First, it offers inducements to those that will build the pipeline itself, whether it turns out to be the three major oil producers, an independent pipeline company, a state or quasi-state entity, or a combination of entities joining forces. "The pipeline construction incentives will be valuable, and will encourage companies to compete for the right to build this line," she said. "We're currently developing such incentives as a substantial state capital contribution so bidders know that we'll have skin in the game. We're also developing permit streamlining and a state-funded training program to ensure a qualified Alaskan workforce."
Second, to get a chance to compete for the inducement package, the applicant must agree to certain bedrock, "must-have" requirements of the state, such as gas for Alaskans, jobs for Alaskans, and project benchmarks. AGIA will require terms that ensure competitive and long-term exploration and more development on the Slope.
Third, the act provides inducements to those who hold the leases and control the gas. "Regardless of who builds the line, we need a mechanism to 'strongly encourage' the leaseholders to commit their gas to the licensed project," Palin said. "But above all, one of the most appealing differences between this bill and the former is that AGIA will contain clear, competitive criteria by which we can judge which project best meets our long-term needs."
Palin also said the state needs to focus on developing its known reserves. "I'm keenly aware of sharply declining production from North Slope fields. The amount of oil currently flowing through the pipeline is less than half of what it was at its peak. So, we must look to responsible development throughout the state from the Slope all the way through and down to [the] Southeast [with] every region participating."
She highlighted the North Slope's Point Thomson field as a glaring example of reserves sitting idle. In late November, Alaska revoked some decades-old leases in the Point Thomson field, where ExxonMobil was the primary stakeholder. Alaska had said that barring a lawsuit, the natural gas-rich acreage could be opened to newcomers in a state lease sale scheduled for October 2007 (see Daily GPI, Nov. 30, 2006). However, ExxonMobil asked an Alaska court late last year to overturn the state's decision (see Daily GPI, Jan. 2).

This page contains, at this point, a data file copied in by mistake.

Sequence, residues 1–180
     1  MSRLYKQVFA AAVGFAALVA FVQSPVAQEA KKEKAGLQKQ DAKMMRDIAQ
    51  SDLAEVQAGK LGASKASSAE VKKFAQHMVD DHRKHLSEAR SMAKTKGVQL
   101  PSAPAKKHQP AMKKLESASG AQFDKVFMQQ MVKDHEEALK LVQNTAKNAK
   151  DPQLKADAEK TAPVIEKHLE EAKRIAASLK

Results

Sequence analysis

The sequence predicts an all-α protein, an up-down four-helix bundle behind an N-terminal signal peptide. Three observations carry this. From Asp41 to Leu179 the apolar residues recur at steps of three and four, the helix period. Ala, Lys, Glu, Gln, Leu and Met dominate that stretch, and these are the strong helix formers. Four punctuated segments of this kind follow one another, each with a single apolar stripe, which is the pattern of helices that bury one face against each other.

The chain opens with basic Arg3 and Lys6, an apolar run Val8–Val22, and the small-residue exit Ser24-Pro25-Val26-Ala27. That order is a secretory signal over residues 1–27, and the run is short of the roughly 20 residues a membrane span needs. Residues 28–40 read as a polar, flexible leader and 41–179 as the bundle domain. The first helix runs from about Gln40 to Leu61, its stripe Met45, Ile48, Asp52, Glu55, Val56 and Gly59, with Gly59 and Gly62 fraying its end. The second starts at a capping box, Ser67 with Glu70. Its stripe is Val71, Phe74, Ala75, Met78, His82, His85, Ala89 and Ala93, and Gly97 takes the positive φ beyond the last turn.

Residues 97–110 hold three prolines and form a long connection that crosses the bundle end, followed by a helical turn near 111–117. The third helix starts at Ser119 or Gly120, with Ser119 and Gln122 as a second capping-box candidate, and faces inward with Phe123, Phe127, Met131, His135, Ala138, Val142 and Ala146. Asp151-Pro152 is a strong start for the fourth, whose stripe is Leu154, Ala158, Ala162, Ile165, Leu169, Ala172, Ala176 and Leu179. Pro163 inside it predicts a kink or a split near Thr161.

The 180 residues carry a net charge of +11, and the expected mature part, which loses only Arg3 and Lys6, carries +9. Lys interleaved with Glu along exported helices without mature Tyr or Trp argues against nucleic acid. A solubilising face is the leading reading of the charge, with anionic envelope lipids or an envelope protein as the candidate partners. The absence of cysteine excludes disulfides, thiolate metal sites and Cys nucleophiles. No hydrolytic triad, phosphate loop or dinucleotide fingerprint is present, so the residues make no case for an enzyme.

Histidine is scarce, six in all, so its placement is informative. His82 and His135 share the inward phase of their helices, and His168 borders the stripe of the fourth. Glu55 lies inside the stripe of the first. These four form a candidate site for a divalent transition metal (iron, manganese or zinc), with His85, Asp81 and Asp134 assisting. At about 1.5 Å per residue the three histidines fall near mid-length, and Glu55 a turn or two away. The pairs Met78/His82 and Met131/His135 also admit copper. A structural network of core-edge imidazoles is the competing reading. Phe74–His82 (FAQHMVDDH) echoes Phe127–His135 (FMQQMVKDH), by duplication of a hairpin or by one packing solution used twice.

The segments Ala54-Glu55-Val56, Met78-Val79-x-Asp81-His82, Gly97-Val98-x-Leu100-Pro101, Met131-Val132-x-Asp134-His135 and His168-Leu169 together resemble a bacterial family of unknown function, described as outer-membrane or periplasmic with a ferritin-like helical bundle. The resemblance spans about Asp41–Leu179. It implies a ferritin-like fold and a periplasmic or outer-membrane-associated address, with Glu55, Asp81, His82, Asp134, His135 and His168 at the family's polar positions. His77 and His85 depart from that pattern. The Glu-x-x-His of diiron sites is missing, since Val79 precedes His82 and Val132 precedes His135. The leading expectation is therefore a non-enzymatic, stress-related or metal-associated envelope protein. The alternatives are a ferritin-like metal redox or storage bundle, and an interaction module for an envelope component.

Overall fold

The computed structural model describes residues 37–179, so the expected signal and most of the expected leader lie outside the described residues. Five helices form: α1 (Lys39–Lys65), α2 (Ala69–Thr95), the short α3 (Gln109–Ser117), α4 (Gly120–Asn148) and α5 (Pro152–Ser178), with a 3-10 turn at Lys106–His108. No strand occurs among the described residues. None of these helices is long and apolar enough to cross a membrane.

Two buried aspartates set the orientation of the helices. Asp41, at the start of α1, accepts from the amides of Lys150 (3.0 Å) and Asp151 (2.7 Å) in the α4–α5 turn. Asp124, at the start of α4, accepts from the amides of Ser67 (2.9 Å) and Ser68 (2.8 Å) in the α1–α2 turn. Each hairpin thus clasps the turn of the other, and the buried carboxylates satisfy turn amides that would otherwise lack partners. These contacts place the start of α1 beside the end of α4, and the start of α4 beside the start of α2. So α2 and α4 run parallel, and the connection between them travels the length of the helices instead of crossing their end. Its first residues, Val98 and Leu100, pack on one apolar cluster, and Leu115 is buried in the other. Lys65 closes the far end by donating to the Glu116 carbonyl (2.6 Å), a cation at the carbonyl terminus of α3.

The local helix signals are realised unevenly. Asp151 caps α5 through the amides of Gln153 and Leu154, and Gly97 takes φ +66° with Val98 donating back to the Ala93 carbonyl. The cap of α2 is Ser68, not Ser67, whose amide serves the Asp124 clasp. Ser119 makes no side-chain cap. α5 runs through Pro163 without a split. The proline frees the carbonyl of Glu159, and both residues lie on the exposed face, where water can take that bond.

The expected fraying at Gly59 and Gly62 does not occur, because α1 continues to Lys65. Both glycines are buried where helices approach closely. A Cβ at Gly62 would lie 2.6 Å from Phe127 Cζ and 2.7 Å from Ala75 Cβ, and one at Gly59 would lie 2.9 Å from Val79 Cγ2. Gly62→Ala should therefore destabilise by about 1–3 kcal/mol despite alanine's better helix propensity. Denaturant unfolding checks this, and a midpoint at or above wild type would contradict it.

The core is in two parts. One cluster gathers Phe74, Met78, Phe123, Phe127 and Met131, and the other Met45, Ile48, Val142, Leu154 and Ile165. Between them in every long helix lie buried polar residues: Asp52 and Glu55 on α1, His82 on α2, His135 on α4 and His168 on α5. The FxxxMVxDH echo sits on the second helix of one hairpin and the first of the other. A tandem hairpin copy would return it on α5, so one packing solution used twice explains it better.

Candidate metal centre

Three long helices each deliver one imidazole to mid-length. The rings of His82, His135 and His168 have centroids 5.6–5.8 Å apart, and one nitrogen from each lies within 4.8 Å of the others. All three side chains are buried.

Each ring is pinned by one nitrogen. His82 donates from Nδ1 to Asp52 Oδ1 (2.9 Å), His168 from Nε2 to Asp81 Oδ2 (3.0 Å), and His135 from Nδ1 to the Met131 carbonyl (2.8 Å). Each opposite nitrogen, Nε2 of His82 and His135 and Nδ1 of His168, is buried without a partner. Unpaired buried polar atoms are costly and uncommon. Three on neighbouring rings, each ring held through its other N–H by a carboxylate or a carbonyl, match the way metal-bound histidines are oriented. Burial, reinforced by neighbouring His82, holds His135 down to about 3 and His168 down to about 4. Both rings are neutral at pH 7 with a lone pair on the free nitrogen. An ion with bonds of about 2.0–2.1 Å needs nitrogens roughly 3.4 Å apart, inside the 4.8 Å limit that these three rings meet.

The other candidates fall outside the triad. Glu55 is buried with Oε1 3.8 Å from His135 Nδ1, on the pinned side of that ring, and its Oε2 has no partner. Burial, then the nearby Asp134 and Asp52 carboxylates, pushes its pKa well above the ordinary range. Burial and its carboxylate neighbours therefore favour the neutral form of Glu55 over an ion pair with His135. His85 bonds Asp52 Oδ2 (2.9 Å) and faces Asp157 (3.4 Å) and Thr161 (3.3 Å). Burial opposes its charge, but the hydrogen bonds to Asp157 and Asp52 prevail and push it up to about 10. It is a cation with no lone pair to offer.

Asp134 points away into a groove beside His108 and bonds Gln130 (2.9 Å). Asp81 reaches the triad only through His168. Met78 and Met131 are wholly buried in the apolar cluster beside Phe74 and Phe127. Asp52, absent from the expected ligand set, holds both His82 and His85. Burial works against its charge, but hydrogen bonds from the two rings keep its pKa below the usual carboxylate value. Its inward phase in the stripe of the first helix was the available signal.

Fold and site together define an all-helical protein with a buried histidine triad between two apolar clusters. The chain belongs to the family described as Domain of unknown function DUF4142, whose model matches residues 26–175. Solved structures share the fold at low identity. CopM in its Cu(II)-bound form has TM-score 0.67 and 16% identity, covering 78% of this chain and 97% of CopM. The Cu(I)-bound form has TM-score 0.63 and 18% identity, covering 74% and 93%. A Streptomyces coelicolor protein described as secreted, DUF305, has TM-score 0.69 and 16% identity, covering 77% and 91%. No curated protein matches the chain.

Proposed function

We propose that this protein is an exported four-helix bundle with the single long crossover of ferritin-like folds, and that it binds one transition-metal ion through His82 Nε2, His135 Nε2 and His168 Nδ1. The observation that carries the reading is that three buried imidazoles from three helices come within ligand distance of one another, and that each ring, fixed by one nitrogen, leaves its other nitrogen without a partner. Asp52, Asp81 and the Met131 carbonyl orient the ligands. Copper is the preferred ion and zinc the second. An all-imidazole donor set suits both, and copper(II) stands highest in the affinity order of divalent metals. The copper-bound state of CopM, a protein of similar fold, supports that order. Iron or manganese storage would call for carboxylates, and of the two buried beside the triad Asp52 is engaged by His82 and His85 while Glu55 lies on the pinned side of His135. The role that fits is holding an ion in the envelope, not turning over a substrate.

"Leases held by producers are iron-clad contracts -- they're promises to develop the public's resources for mutual benefit -- or give back the leases," Palin said. "There's a large producer who's held the lease at Point Thomson for roughly 30 years with no development -- three decades to develop or step aside. Warehousing Alaska's resources is not an option anymore. We can't afford it."
She said that while the state should be trusted to keep its promises, the standard should be no different for industry. "Ironically, we're trying to convince the rest of the nation to open ANWR [Alaska National Wildlife Refuge], but we can't even get our own Point Thomson, which is right on the edge of ANWR, developed. We are ready for that gas to be tapped so we can fill a natural gas pipeline."
Addressing the ANWR situation, Palin noted that the state's chance to open the refuge to development likely diminished with the Democrats taking Congress. However, she said she will continue to stand alongside her congressional delegation to prove to the rest of the nation that Alaska must be the foundation of a National Energy Plan.